Coffee House

PMQs sketch: Andrew Mitchell needed a haircut, a feed-up, and a good cuddle. But Miliband offered no comfort.

17 October 2012

3:41 PM

17 October 2012

3:41 PM

It was a question of when not if. Today’s PMQs was always going to turn into a kangaroo inquiry into Andrew Mitchell. The man who said ‘pleb’ was in full view on the front bench but he looked as if he were sitting in the Number One dock at the Old Bailey.

Ed Miliband started by asking the PM about joblessness which – unhappily for Labour – has fallen. He attacked Cameron for failing to tackle long-term youth unemployment and Cameron countered by pointing out that the number of kids on the dole had doubled during Labour’s last two years in power. They tussled for a few moments over the statistics, quite pointlessly. It was like watching a pie-chart trying to smother a Venn diagram.

Miliband manouevred onto the real issue of the day. Mischievously, he quoted Boris Johnson, (‘the prime minister’s new best mate’), who once declared that ‘if people swear at the police they should expect to be arrested.’

The house stirred, sensing trouble. Cameron tried to kill the question by pointing out that Mitchell had ‘apologised properly and the apology has been accepted by the officer concerned.’ Miliband wasn’t having it. ‘Double standards,’ he crowed. ‘A yob ranting at the police in a city centre would be arrested. And rightly so. … So it’s a night in the cells for yobs but a night at Carlton Club for the chief whip!’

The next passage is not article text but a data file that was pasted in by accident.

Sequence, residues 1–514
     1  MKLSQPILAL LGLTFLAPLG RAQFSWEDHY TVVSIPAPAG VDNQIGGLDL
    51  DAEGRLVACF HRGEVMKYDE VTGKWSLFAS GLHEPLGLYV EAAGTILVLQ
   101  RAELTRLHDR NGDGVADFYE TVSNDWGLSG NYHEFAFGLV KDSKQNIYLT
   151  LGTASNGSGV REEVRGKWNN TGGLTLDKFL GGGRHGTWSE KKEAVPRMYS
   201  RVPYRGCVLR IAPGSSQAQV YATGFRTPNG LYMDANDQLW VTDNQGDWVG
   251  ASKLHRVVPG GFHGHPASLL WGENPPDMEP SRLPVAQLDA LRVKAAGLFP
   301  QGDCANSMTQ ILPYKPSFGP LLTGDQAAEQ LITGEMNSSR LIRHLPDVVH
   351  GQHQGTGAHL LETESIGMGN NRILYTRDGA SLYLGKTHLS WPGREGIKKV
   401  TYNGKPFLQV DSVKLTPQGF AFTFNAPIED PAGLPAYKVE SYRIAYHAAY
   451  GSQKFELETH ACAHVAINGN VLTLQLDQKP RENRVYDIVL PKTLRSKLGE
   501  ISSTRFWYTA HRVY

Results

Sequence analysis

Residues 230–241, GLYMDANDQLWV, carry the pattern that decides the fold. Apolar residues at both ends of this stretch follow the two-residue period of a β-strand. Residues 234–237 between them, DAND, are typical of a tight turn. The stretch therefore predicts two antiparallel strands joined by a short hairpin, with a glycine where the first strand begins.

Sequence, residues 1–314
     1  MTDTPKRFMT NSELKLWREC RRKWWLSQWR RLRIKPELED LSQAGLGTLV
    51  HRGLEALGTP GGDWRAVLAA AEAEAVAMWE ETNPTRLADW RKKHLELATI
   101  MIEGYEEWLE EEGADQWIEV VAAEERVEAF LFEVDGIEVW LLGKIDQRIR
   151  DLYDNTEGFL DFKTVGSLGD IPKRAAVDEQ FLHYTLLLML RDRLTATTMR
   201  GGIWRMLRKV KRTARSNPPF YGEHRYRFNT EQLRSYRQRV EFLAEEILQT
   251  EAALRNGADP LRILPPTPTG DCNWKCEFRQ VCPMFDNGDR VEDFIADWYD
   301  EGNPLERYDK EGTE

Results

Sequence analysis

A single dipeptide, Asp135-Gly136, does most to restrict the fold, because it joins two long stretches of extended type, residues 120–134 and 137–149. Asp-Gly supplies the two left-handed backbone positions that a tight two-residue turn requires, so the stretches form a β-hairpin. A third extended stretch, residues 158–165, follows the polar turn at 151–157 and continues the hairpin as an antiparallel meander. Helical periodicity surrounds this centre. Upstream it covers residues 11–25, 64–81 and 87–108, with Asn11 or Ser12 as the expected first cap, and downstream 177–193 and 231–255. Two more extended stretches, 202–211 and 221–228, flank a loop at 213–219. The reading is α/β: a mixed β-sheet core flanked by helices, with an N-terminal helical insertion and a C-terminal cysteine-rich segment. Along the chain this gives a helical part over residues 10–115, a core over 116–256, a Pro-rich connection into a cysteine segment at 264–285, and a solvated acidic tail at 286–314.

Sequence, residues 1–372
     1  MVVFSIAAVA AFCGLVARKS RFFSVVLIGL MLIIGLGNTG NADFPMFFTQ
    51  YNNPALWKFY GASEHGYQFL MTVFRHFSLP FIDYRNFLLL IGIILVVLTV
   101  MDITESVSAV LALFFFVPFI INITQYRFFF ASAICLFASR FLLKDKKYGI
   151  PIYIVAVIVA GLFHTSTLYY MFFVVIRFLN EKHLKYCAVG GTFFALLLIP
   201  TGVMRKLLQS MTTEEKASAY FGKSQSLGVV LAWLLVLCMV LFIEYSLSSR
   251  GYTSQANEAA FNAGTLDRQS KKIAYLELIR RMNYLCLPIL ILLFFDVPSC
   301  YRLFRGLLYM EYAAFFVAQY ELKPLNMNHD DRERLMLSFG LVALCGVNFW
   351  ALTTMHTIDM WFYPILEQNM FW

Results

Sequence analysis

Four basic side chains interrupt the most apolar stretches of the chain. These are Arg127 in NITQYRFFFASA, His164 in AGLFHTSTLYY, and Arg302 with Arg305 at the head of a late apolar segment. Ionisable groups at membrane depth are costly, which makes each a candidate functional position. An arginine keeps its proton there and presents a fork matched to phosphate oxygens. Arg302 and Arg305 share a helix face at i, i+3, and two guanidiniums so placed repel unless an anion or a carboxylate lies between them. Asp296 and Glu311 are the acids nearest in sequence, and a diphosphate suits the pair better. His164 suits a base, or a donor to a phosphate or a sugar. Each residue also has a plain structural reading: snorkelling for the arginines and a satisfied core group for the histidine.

Cameron demanded to know why Miliband wasn’t asking him about deficit reduction. Some chance. By now the house was so unsettled that the Speaker had to call for silence. This always doubles the decibel level instantly. And Mitchell sat there, in his charcoal suit, quite immobile, watching his political life draining away. It was hard not to feel a twinge of sympathy. So wan, so abandoned, so helpless. The flaps of his thick grey coiffure seemed to frame his sad, pink face like a wimple. And his sparkless eyes were shadowed with the hues of some unfathomable tragedy. Poor man. He needs a hair-cut, a feed-up and a good cuddle. But Miliband wasn’t offering him any comfort. ‘His position is untenable,’ gloated the Labour leader. ‘He’s toast!’ he added, at top volume, which was rather unnecessary since Mitchell was barely a coffin’s length away from him.

The Tories responded by filling their lungs and shouting even louder at Mr Miliband but he drew strength from their protests and raised his voice above the jungle din. ‘They say I practise class war,’ he declared. ‘And they go around calling people plebs!’

The guilty man watched, and suffered, in silence. He wore the wretched air of a garden gnome whose head has just been used as a latrine by a passing golden eagle.

A jubilant Mr Miliband continued his crowd-pleasing tactic of denying any involvement in class-conflict while merrily bashing every toff in sight. ‘Everyone else loses their job but the Chief Whip keeps his.’

Cameron spotted a blunder here. That soundbite didn’t quite harmonise with the latest figures. He pounced. ‘The Labour leader wrote those questions yesterday,’ said the PM triumphantly, ‘before unemployment fell. Typical! He comes to the house when he’s written down his clever political questions. But he doesn’t know what’s happening in the real economy.’